When UPG Trumps the Lore

When UPG Trumps the Lore March 3, 2017

Photo by Winchell Joshua Public Domain
Photo by Winchell Joshua
Public Domain

This is the month when many Anglo-Saxon Heathens (and many Pagans in general) focus on Eostre, and so I thought I’d be a bit stubborn and write about a deity associated with March by the Venerable Bede.

I’ve written about Her before, covering most of the lore and speculation that’s available to us at this time, and I’ve lamented its utter incompleteness.  How is it that Eostre, with basically the same amount of information relating to Her, became such a central figure in the Pagan springtime festivities while it’s difficult to find even Heathens who know who Hreda is?

My personal opinion is that Eostre’s associations are just easier to understand for us in English-speaking, Christian-heritage countries.  Everyone in this culture knows Easter and all that it entails, and since the Goddess Herself lent Her name to the festival – the connections are readily made.  Hreda has no such similar festival, no cultural markers that I’m aware of to lend Her importance in our modern age.  But that doesn’t mean She’s not there, waiting.

My devotional relationship with Hreda has been something of an experiment for me.  I’m usually pretty hidebound when it comes to matters of lore; I’ll build a practice up around it using some UPG, but in matters of disagreement?  The lore wins hands down.  It’s one method I use as a check and balance.

But for Hreda, we have less information than even Nerthus; only a possible etymology, and even those are conflicting.  Is it ‘swift’, ‘glory’, or ‘victorious’ – each of these have such different implications as to the kind of deity She could be.  And maybe the etymology matters not at all, and it’s just a name unrelated to Her function or areas of interest.  We just don’t know.

And so I reached out to Her.  This has been going on for a few years now; Her presence is certainly strongest for me in March, so that’s when I get my best ideas of Her.  Each year, consistently, I find Her in the wind that drives out the winter.  All of a sudden, around this time of year, the winds start shifting.  Instead of howling out of the north biting cold, they begin to blow up from the south.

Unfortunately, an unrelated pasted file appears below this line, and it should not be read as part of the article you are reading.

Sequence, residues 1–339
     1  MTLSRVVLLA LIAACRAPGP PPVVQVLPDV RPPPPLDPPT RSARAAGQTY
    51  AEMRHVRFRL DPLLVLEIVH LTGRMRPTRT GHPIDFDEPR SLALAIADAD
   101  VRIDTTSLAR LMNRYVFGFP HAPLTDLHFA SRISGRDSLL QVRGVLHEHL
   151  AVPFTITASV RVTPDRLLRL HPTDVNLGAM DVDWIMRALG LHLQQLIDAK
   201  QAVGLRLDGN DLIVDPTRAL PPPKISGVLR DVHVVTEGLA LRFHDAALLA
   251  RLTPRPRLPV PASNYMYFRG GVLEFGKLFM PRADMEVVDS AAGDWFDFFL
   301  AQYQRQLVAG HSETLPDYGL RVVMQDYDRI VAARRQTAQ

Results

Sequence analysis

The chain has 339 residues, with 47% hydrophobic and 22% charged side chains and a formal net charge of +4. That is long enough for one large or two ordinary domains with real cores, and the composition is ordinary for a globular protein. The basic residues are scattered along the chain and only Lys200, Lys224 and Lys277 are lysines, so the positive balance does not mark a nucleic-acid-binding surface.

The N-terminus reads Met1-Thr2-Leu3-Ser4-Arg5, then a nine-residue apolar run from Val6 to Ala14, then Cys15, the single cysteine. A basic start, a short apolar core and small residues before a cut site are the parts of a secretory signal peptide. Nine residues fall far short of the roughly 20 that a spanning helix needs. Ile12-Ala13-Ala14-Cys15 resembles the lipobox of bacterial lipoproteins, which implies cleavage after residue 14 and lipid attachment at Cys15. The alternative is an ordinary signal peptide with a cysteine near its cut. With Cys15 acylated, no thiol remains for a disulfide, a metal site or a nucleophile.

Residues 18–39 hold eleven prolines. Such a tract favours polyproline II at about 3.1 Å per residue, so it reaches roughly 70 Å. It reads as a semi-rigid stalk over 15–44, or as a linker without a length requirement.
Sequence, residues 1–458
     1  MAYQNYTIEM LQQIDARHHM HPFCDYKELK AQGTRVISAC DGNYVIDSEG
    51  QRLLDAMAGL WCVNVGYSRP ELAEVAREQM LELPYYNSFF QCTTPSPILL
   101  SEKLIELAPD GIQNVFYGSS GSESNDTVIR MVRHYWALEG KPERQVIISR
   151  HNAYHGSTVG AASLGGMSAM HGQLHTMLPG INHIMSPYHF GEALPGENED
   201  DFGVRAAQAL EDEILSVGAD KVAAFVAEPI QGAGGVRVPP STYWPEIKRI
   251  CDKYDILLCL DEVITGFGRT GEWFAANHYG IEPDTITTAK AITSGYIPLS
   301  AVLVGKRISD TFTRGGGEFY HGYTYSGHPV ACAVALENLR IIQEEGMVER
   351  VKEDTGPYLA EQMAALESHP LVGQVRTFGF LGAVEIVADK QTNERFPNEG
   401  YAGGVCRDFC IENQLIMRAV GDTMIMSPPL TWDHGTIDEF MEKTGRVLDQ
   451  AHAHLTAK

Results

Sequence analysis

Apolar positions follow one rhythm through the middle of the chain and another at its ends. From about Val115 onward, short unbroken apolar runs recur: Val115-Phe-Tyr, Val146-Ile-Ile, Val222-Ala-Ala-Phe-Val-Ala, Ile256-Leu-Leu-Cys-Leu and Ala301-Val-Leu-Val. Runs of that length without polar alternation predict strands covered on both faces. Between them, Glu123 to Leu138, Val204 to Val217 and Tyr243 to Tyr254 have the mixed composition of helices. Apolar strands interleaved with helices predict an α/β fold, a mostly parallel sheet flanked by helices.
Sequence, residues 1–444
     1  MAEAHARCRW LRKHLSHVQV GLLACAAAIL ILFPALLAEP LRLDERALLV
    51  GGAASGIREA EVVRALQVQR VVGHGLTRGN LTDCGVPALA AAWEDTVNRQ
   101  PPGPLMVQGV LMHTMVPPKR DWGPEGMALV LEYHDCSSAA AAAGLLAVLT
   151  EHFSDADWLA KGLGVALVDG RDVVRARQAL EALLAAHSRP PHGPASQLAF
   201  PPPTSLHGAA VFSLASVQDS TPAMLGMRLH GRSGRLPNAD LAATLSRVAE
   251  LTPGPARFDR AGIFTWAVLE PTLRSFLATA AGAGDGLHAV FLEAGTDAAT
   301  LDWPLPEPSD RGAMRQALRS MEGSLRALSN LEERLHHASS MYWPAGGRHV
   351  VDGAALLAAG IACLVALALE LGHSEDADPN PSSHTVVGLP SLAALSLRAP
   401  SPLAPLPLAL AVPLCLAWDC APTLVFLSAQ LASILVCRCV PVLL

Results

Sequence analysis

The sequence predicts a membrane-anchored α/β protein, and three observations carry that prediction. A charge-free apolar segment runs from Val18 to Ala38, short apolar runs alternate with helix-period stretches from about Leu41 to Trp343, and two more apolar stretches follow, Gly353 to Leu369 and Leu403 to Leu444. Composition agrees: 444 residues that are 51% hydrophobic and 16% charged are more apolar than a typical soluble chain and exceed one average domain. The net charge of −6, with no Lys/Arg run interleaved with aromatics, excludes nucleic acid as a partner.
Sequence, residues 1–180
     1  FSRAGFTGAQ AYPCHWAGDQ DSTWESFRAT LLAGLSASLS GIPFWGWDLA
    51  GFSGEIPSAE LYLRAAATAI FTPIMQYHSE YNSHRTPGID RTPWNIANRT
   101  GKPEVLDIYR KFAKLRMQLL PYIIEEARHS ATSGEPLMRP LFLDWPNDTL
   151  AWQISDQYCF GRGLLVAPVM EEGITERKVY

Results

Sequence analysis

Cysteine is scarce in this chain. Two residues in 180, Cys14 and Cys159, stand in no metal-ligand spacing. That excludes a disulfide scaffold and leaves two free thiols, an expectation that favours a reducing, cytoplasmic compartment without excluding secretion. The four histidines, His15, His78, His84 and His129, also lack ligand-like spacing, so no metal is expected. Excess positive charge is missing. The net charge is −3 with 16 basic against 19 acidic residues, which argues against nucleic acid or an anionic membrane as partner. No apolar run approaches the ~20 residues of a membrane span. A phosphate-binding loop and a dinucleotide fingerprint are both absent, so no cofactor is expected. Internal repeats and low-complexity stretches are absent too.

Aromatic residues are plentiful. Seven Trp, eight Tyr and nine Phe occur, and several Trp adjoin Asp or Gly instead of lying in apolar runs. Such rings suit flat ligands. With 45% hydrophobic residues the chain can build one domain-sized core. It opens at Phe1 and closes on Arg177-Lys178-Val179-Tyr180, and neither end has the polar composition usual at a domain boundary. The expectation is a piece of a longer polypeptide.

They are no more gentle – in fact, often the winds are strongest this time of year.  But the southern winds don’t carry snow and ice; they tend to drive away the clouds so that ever-earlier rising sun can shine down on the land.  To me, these winds are a manifestation of Hreda.  She is swift.  She is victorious (eventually!).  She drives away the clouds to reveal the glory of the light.

wind4Every time I think of Her, I am reminded of a particular statue that I loved in my art history class, The Winged Victory of Samothrace.  I am not a Hellenist and don’t know the story behind the statue, but when I think of Hreda it is forcibly brought to my mind.  The way She stands, leaning into the wind, the raggedness of Her clothes and feathered wings – She fights a long battle, but She is not cowed.  She is Victory.

Just to be clear – there is absolutely no indication in the lore that Hreda is this kind of deity.  I don’t know much about British weather, but I think this time of year is usually much more mild than it is on the plains of the Midwest, so it doesn’t even hold up historically.  I don’t care. 

I have been reaching out, making offerings, honoring Hreda for five years now; and this is how She comes to me.  I won’t argue with anyone over their personal interpretation of Her.  At this point, I’m not really up for arguing with anyone over my interpretation of Her.  She is who She is to me, and I could not be more grateful for the gifts She brings and Her influence in my life.

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